Wednesday, September 06, 2006

Promoting breastfeeding

A front-page article by Jodi Kantor in the New York Times last week described the "2-class system" for working mothers who breastfeed: one class has improving though still imperfect options for professional women in office settings, while the other class offers awful few options for most other women.
Nearly half of new mothers return to work within the first year of their child's life. But federal law offers no protection to mothers who express milk on the job -- despite the efforts of Representative Carolyn B. Maloney, Democrat of New York, who has introduced such legislation. "I can't understand why this doesn't move," she said. "This is pro-family, pro-health, pro-economy." ...

Public health authorities, alarmed at the gap between the breast-feeding haves and have-nots, are now trying to convince businesses that supporting the practice is a sound investment. "The Business Case for Breastfeeding," an upcoming campaign by the Department of Health and Human Services, will emphasize recent findings that breast-feeding reduces absenteeism and pediatrician bills.

In corporate America, lactation support can be a highly touted benefit, consisting of free or subsidized breast pumps, access to lactation consultants, and special rooms with telephones and Internet connections for employees who want to work as they pump, and CD players and reading material for those who do not. According to the nonprofit Families and Work Institute, a third of large corporations have lactation rooms....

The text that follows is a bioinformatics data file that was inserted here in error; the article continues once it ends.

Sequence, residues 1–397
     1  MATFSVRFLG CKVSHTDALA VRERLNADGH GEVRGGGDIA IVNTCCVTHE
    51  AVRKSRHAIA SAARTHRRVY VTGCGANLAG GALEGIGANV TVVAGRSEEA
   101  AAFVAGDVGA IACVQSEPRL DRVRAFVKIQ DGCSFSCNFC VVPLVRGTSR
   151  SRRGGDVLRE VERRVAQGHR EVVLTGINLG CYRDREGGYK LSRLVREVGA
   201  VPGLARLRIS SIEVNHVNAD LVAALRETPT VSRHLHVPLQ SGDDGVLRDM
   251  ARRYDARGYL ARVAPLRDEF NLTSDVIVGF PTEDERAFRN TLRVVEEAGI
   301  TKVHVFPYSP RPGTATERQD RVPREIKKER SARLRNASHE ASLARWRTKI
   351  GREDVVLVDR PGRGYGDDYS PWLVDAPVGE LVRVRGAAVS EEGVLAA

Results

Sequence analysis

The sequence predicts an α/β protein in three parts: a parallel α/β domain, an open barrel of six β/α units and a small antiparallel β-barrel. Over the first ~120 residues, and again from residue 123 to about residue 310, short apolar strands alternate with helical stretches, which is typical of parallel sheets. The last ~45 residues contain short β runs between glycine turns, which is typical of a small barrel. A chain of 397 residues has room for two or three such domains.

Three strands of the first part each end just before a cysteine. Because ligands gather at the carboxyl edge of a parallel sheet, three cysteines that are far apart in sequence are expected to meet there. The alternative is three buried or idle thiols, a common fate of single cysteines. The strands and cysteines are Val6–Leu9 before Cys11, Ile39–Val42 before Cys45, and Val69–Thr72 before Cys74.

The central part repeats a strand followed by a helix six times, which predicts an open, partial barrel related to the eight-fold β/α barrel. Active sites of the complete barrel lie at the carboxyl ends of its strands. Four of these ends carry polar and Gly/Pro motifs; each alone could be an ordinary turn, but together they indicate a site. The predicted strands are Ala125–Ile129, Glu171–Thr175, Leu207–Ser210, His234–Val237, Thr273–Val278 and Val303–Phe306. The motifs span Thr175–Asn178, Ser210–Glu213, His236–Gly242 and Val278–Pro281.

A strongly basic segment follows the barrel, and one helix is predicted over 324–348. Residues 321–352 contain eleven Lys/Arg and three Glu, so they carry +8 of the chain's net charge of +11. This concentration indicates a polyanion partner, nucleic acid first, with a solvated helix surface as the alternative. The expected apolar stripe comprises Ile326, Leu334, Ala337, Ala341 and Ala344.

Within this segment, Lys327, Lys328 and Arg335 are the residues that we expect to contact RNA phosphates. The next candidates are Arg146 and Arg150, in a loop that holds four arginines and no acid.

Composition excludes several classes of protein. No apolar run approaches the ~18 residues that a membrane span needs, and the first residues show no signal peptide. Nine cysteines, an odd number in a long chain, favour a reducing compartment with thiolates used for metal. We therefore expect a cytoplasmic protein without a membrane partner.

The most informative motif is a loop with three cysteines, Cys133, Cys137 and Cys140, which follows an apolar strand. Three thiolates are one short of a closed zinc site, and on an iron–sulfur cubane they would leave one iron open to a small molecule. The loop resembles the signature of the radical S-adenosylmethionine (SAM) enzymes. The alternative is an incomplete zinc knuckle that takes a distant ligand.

In contrast, said Dr. Lori Feldman-Winter, an associate professor of pediatrics at the University of Medicine and Dentistry of New Jersey and a member of the American Academy of Pediatrics' committee on breast-feeding, her patients cannot afford a basic $50 breast pump -- an investment, she said, that "could prevent a lifetime of diseases." The academy urges women to breast-feed exclusively for six months and to continue until the child turns 1.

Many of her patients learn about breast-feeding through the government nutrition program Women, Infants, and Children, which distributes nursing literature to four million mothers, and also provides classes and lactation consultants. Because of this and similar efforts, 73 percent of mothers now breast-feed their newborns, according to the Centers for Disease Control and Prevention. But after six months, the number falls to 53 percent of college graduates, and 29 percent of mothers whose formal education ended with high school.
Here is a link to the status of Rep. Maloney's breastfeeding promotion bill, currently stalled in Congress.